Landscaper Herbert van der Zalm (49) and the head of the Plantion Green Centre, Paul Heijmink (58), have a lot in common: they both love everything that grows and blooms. “While I’m talking, I often suddenly see something special about a plant in the background. I’m constantly engaged in my profession”, says Van der Zalm. “Haha, I’m the same,” Heijmink replies.
It’s no surprise then that the two have hit it off so well. They’ve known each other since the days of Veiling Vleuten in Utrecht and never stop talking about their job. “We’re always sharing ideas when we meet up here,” says landscaper Van der Zalm, also co-owner of the Stadskwekerij in Zaltbommel. “And it’s not just business – we also have a personal connection,” adds Paul Heijmink. “A lot of growers and customers come to the green centre. Thanks to my photographic memory, I know them all and know what they want. My colleagues, too, remember almost everything, sometimes even down to the smallest details. Nevertheless, Paul really hit it off with Herbert. “I’ve even gone sailing with him in De Biesbosch National Park on a few occasions. You don’t do that with just anyone.”
Van der Zalm has been working in his own business as a landscaper since 2000, taking over the Stadskwekerij in Zaltbommel eleven years later. “I’ve lost my heart to the nursery, since it’s such a beautiful place with history and feeling. It’s important to me that you feel good in a particular place. Many people also tell me that they like it here, so it’s a perfect example of being happy in green.” Although the landscaper from Almkerk has been in the business for many years, he still learns new stuff on a daily basis. “I’m always on the lookout for something new and I love rarities. That’s what’s so nice about my dealings with Paul. He has the same curiosity.” However, both Heijmink and Van der Zalm have had to get used to the pressure that Covid entails. “The last few months have been really crazy,” says the head of the Green Centre. “There’s so much demand from a market that has somehow become so overstretched that your life simply isn’t your own anymore and where you find yourself, at times, getting pulled in many different directions at once.”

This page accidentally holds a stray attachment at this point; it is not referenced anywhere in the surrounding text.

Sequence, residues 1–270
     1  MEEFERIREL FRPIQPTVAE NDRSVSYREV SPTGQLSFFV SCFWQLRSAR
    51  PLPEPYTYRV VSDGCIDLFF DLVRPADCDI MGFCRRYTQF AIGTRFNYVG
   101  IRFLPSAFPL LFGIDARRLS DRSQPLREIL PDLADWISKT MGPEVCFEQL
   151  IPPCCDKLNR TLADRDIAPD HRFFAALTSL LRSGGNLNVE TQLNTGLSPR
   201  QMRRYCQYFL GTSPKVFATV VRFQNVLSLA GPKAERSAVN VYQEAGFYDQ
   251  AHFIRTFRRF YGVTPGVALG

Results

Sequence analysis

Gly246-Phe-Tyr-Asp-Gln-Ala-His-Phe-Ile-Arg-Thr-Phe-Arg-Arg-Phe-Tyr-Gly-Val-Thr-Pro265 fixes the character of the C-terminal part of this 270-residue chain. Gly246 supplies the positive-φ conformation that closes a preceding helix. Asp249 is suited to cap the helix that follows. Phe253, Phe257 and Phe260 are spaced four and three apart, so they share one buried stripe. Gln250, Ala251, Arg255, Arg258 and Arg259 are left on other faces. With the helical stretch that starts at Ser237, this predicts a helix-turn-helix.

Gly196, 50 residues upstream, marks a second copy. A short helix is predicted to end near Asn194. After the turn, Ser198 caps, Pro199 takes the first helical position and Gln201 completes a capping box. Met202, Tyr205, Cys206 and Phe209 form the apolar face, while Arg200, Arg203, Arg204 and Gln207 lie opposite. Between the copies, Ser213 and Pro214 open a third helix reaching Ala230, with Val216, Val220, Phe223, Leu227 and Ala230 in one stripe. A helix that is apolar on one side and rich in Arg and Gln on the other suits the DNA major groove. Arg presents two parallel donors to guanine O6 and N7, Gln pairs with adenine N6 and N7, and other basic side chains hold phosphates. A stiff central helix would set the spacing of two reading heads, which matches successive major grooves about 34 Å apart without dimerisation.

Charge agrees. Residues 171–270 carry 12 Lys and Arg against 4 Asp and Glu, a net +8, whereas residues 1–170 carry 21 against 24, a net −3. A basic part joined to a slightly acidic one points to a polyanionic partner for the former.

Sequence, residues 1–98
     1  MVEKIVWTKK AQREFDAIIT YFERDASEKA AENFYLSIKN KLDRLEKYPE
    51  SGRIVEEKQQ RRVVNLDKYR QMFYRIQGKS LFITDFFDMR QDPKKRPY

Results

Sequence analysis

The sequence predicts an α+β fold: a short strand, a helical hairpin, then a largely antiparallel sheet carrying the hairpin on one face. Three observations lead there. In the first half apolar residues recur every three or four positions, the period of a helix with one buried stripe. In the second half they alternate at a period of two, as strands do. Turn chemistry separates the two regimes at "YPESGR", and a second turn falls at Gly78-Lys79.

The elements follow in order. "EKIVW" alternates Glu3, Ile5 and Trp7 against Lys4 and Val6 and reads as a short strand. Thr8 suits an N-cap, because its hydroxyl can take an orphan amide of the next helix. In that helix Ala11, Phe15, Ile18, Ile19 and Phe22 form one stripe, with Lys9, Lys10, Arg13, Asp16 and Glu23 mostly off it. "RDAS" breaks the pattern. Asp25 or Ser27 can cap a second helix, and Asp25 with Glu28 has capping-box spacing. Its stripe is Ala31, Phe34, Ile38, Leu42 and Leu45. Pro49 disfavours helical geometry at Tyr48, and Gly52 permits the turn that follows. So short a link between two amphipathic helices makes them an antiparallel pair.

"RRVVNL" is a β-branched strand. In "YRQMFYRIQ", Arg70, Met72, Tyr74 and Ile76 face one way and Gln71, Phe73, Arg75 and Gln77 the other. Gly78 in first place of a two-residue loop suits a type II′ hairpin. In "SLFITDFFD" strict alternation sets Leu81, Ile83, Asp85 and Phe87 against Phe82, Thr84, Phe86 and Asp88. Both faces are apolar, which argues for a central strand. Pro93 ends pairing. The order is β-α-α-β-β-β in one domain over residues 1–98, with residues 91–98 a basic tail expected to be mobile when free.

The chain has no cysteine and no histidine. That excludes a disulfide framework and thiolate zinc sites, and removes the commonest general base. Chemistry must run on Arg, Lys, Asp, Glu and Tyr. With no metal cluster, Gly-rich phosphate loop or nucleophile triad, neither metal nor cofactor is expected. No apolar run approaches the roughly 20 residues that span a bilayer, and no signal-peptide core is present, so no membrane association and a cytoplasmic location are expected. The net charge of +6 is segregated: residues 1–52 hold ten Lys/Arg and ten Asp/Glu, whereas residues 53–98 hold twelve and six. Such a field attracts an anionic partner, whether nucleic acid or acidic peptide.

Hustle and bustle
Van der Zalm experiences this too. “All of a sudden, everyone wants everything in the garden. We employ seven people at our landscaping company and can barely cope. Of course, this huge demand increases turnover, but I still hope that things will return to normal. But will that happen? Perhaps people will retain this focus on their gardens. I don’t know, just as you have to wait and see whether we might start working from home more in the future and whether the hustle and bustle around nature has been temporary.” Both are nevertheless delighted with the new generation’s growing interest in nature. “Wow, I guess,” says Herbert van der Zalm. “Today’s young people are much more back-to-nature and are sensitive to biodiversity. That gives hope for the future.” He, too, likes to anticipate a more sustainable approach to nature. “I’m a great advocate of planting trees for CO2 storage and for shade – we need it.”
The two also come together in this respect. Heijmink: “In public areas, I see municipalities returning to beautiful plants instead of grass. Which is a good thing. It makes people feel good and it also inspires them to do something similar themselves. Van der Zalm nods in agreement. “I’m an emotional person, so I think a green environment is important. That’s why I went into this profession in the first place. Not to get rich, because you don’t get rich surrounded by green. But if I’m allowed to work in it, I’m already rich.”